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No Getting Past Race In America

September 9, 2009

IBD: 2 Sept. 2009

Civil Rights: Eric Holder’s Justice Department plans to hire more than 50 new civil rights lawyers to ferret out racism in American society. And you thought you were getting a post-racial presidency.

At his inauguration, President Obama said, “because we have tasted the bitter swill of civil war and segregation and emerged from that dark chapter stronger and more united, we cannot help but believe that the old hatreds shall someday pass; that the lines of tribe shall soon dissolve; that as the world grows smaller, our common humanity shall reveal itself.”

Who could not be moved at hearing a newly sworn-in president note that “a man whose father less than 60 years ago might not have been served at a local restaurant can now stand before you to take a most sacred oath.”

Indeed, one of the most alluring aspects of his campaign was the frequent message that putting him in the White House would be part of America’s departure from its ugly racist past.

In his much-celebrated speech on race in Philadelphia in March of last year, he spoke of “my unyielding faith in the decency and generosity of the American people.” He accused his former pastor, Rev. Jeremiah Wright, of having “a profoundly distorted view of this country — a view that sees white racism as endemic, and that elevates what is wrong with America above all that we know is right with America.”

And he added: “Reverend Wright’s comments were not only wrong but divisive, divisive at a time when we need unity; racially charged at a time when we need to come together to solve a set of monumental problems.” He complained that Wright “spoke as if our society was static; as if no progress has been made; as if this country .. . is still irrevocably bound to a tragic past.”

In an attempt to allay the concerns of some white voters, candidate Obama even said that “to wish away the resentments of white Americans, to label them as misguided or even racist, without recognizing they are grounded in legitimate concerns — this too widens the racial divide, and blocks the path to understanding.”

This election was going to be different, he said, “this time we want to talk about the men and women of every color and creed who serve together, and fight together, and bleed together under the same proud flag.”

The closest he came to suggesting that an Obama administration would mean a new army of civil rights lawyers at the Justice Department was one well-buried line about enforcing our civil rights laws and ensuring fairness in our criminal justice system.”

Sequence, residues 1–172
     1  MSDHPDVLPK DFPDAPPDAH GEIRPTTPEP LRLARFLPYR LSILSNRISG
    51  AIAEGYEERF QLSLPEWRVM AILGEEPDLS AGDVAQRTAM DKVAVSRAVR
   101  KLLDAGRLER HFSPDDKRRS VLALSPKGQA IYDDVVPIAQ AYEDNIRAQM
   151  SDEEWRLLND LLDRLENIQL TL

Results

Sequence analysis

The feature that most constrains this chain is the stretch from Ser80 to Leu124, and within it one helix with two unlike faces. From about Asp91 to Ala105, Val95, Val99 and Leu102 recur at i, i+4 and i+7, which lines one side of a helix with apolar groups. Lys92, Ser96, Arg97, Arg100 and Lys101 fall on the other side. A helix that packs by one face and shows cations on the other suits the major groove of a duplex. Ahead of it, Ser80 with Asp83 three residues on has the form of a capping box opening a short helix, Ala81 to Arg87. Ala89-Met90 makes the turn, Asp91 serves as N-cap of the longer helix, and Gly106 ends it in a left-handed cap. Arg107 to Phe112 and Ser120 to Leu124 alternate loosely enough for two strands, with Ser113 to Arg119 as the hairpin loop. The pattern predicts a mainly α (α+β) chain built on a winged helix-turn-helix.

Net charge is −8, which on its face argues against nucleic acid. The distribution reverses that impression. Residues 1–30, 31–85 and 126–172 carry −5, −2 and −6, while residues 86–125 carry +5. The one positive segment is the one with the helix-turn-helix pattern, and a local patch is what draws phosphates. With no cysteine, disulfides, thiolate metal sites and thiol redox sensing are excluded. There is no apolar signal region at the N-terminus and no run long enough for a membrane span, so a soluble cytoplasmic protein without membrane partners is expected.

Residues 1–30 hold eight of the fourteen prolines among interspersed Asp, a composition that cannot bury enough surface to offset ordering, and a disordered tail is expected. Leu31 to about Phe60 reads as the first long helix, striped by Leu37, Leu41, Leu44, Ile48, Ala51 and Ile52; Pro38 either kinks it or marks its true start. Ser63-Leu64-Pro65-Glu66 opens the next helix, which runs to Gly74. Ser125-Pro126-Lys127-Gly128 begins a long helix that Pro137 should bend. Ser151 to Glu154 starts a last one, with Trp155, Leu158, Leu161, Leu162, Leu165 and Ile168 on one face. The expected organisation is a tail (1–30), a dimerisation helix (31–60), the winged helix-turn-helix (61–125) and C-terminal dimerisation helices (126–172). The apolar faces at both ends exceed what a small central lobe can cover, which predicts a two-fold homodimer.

If Rev. Wright had been named attorney general instead of Eric Holder, maybe he would try to hire 100 new predatory lawyers, instead of 50-something of them as Holder is planning.

The idea is still the same: America “is still irrevocably bound to a tragic past” — the very opposite of what the president said he believed about “the decency and generosity of the American people” — so we need the federal government to police our ingrained, intractable racism in every nook and cranny of society.

Holder, with the president’s blessing, will now set out to undo the Bush administration’s altogether proper emphasis on individual cases of obvious, intentional discrimination, and return the federal government to a 1970s race-war mentality.

The thinking behind this was exemplified by Joseph Rich, a career lawyer at Justice’s civil rights division for nearly four decades. Testifying to a House Judiciary subcommittee in 2007, Rich complained that “in a five-year period the department brought no voting cases and only one employment pattern or practice case on behalf of African-Americans. And no voting cases on behalf of Native Americans.

“At the same time,” Rich added, “there were several reverse discrimination employment cases brought and the first-ever case on behalf of white voters alleging discrimination by African-American Democratic Party operatives in Mississippi.”

To the entrenched legal establishment of the federal government, racism is ever and always a one-way street — as well as a problem that never diminishes without the bullying of government lawyers. That is “a profoundly distorted view of this country,” and the president last year assured us that he did not subscribe to it.

source: http://www.investors.com/NewsAndAnalysis/Article.aspx?id=505054

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